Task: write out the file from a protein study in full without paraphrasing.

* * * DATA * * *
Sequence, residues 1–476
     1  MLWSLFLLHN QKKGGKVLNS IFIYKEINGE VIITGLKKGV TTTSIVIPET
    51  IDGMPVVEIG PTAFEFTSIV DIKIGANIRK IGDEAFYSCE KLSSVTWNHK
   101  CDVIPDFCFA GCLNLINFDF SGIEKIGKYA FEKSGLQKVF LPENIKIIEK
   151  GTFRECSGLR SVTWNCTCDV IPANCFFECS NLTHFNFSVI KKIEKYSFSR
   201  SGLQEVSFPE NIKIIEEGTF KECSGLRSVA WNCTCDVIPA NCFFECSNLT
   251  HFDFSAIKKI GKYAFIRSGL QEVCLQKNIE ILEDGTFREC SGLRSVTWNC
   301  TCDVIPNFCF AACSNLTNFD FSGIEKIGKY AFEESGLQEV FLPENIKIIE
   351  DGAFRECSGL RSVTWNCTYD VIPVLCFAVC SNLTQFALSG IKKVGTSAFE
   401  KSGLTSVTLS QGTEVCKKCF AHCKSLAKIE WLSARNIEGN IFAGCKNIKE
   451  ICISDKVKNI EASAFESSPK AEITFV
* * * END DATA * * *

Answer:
Sequence, residues 1–476
     1  MLWSLFLLHN QKKGGKVLNS IFIYKEINGE VIITGLKKGV TTTSIVIPET
    51  IDGMPVVEIG PTAFEFTSIV DIKIGANIRK IGDEAFYSCE KLSSVTWNHK
   101  CDVIPDFCFA GCLNLINFDF SGIEKIGKYA FEKSGLQKVF LPENIKIIEK
   151  GTFRECSGLR SVTWNCTCDV IPANCFFECS NLTHFNFSVI KKIEKYSFSR
   201  SGLQEVSFPE NIKIIEEGTF KECSGLRSVA WNCTCDVIPA NCFFECSNLT
   251  HFDFSAIKKI GKYAFIRSGL QEVCLQKNIE ILEDGTFREC SGLRSVTWNC
   301  TCDVIPNFCF AACSNLTNFD FSGIEKIGKY AFEESGLQEV FLPENIKIIE
   351  DGAFRECSGL RSVTWNCTYD VIPVLCFAVC SNLTQFALSG IKKVGTSAFE
   401  KSGLTSVTLS QGTEVCKKCF AHCKSLAKIE WLSARNIEGN IFAGCKNIKE
   451  ICISDKVKNI EASAFESSPK AEITFV